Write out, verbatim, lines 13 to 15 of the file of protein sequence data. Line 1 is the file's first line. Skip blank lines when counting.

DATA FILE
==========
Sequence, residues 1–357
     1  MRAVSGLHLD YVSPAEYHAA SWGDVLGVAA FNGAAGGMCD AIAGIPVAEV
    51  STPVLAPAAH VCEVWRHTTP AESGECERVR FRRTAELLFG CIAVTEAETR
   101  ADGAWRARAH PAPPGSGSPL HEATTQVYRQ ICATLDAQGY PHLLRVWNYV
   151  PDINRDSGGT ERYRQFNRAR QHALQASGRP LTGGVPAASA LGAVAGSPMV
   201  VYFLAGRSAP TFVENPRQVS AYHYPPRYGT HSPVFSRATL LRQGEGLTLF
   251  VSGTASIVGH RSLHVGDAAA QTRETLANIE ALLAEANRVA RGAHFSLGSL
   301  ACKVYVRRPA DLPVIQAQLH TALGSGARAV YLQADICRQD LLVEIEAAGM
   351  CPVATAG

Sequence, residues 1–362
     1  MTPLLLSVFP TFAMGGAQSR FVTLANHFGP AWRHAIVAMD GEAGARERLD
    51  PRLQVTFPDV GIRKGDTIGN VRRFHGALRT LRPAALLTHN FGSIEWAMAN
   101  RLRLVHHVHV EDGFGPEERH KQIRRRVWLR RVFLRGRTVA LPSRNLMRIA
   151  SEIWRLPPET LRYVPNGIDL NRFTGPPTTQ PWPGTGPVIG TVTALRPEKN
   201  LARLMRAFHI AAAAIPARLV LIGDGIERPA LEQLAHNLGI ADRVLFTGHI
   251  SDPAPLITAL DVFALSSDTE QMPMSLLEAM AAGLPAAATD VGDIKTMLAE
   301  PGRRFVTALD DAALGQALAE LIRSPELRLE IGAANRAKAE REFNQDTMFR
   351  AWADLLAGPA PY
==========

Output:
   101  RLRLVHHVHV EDGFGPEERH KQIRRRVWLR RVFLRGRTVA LPSRNLMRIA
   151  SEIWRLPPET LRYVPNGIDL NRFTGPPTTQ PWPGTGPVIG TVTALRPEKN
   201  LARLMRAFHI AAAAIPARLV LIGDGIERPA LEQLAHNLGI ADRVLFTGHI